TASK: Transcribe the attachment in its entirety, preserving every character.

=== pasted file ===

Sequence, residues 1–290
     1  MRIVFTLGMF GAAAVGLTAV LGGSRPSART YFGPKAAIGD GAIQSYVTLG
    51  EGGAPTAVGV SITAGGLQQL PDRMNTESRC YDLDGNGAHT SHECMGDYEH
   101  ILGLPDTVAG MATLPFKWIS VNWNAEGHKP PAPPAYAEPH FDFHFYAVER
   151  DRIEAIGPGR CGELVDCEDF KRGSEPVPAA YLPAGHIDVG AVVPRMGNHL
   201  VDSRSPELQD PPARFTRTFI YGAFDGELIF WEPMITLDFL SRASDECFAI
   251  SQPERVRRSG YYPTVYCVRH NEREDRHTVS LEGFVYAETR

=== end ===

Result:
Sequence, residues 1–290
     1  MRIVFTLGMF GAAAVGLTAV LGGSRPSART YFGPKAAIGD GAIQSYVTLG
    51  EGGAPTAVGV SITAGGLQQL PDRMNTESRC YDLDGNGAHT SHECMGDYEH
   101  ILGLPDTVAG MATLPFKWIS VNWNAEGHKP PAPPAYAEPH FDFHFYAVER
   151  DRIEAIGPGR CGELVDCEDF KRGSEPVPAA YLPAGHIDVG AVVPRMGNHL
   201  VDSRSPELQD PPARFTRTFI YGAFDGELIF WEPMITLDFL SRASDECFAI
   251  SQPERVRRSG YYPTVYCVRH NEREDRHTVS LEGFVYAETR